If a video conference is scheduled for 16.00 it means that it will start exactly at 16.00. Being synchronised when starting a visual meeting is not only a general assumption, but is key to working effectively when in remote mode. Practically speaking, this means that you are expected to be connected at least 3 minutes before the scheduled time or you’re probably already late. If you’re a participant and you want to undermine the video conference you’ve been invited to, don’t pay attention to the scheduled time, connect late without sending any warning message in advance and do so without giving any explanation. Some people will probably think that you’re a very busy and important manager. But most of them will understand exactly what you are: unprofessional and rude.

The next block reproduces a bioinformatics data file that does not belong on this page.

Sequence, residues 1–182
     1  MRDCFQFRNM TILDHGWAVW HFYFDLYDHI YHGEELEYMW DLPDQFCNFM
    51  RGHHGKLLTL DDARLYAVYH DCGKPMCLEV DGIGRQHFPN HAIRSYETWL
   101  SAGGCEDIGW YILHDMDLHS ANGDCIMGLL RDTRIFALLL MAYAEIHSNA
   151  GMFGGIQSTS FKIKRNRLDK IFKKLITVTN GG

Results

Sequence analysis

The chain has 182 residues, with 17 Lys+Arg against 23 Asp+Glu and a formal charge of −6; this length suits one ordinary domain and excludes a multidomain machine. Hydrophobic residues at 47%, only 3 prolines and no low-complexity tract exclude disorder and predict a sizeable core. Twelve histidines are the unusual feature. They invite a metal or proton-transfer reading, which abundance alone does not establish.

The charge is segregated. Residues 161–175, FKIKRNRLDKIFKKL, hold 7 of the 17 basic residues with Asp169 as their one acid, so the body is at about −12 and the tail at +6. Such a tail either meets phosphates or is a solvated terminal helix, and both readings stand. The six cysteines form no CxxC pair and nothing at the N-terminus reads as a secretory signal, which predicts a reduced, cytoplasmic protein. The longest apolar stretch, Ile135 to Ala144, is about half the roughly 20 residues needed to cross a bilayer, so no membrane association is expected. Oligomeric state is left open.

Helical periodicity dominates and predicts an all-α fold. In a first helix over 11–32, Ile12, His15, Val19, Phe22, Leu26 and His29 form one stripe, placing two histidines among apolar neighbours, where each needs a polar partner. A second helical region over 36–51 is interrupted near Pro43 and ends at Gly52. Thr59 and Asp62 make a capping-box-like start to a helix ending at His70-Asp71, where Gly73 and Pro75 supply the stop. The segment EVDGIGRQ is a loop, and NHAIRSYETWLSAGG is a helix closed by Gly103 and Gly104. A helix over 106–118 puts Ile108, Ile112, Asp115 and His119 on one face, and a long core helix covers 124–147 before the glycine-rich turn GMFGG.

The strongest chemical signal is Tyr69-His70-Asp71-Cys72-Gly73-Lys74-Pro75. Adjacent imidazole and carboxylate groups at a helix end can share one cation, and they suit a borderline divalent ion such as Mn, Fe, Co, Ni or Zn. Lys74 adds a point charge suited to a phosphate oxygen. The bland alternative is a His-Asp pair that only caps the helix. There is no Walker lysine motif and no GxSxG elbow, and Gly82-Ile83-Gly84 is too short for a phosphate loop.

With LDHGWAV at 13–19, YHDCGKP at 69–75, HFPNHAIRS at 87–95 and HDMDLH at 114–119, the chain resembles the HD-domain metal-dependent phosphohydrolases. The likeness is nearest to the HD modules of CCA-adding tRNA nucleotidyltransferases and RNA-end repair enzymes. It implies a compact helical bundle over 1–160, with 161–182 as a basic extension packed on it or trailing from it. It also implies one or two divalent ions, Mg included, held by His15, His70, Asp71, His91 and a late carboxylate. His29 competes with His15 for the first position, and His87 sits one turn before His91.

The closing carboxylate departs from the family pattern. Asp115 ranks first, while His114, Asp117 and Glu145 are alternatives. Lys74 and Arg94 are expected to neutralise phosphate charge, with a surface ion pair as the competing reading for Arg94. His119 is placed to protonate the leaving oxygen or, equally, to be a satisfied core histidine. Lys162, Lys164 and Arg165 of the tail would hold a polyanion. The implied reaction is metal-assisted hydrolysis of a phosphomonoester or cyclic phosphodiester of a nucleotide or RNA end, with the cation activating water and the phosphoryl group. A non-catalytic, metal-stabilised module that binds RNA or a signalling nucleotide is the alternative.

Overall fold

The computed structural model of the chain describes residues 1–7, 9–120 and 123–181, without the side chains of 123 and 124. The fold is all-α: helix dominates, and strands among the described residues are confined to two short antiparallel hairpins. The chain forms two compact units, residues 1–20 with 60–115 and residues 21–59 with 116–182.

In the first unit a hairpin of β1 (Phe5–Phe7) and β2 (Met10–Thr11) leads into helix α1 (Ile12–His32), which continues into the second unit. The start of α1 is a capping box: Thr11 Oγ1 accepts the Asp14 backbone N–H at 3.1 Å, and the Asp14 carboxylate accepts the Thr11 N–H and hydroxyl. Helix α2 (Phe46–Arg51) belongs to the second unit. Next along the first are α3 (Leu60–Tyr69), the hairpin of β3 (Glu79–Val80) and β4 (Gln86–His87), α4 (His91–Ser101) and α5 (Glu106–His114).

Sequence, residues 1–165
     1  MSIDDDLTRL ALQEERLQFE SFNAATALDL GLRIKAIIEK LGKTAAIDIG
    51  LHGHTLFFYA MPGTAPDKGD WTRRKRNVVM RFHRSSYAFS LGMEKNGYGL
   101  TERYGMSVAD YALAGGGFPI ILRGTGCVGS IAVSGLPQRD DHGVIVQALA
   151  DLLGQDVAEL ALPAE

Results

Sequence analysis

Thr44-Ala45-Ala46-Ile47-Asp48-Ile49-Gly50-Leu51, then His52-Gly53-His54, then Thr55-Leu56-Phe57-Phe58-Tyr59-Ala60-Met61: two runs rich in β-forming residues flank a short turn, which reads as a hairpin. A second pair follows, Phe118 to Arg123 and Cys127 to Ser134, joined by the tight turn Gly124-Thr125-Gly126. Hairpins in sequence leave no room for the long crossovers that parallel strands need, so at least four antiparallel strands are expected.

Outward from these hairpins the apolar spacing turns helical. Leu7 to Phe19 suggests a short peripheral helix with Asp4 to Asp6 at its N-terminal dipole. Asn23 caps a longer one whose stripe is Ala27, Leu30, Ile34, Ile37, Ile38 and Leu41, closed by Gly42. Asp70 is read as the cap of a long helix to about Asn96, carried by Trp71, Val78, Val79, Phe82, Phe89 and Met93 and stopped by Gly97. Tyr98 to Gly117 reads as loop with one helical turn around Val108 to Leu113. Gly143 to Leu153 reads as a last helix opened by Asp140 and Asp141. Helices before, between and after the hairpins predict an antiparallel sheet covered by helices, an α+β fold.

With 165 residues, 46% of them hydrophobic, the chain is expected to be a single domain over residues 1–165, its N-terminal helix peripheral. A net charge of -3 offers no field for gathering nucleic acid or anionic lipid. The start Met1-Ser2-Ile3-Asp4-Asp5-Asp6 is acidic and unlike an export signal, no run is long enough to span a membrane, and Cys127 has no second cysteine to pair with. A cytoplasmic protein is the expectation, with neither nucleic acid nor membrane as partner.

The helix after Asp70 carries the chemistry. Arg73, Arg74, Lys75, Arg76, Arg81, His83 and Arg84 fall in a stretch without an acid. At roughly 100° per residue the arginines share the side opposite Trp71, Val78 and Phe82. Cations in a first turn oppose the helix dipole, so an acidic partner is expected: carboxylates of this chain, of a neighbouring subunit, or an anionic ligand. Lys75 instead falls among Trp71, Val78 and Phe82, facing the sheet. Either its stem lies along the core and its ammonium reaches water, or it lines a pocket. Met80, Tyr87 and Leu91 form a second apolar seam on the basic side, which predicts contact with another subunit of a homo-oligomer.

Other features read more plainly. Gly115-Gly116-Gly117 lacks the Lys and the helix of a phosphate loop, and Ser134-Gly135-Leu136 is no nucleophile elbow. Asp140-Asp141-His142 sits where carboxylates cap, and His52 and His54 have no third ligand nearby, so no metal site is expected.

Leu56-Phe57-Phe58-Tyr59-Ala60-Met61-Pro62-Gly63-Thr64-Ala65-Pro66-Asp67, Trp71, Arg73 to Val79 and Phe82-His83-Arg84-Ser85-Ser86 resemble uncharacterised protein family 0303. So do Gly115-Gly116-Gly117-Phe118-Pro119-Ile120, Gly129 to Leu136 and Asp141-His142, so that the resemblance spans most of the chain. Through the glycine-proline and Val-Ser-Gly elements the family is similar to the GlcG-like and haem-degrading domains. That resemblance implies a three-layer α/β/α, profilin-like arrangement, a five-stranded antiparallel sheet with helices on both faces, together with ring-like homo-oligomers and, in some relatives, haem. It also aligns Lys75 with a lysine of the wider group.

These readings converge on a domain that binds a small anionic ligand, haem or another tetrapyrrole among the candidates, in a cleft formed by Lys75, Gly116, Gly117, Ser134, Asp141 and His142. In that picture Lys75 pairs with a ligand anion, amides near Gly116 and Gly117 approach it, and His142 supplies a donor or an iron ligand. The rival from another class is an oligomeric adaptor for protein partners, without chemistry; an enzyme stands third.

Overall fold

5 – Leave before the end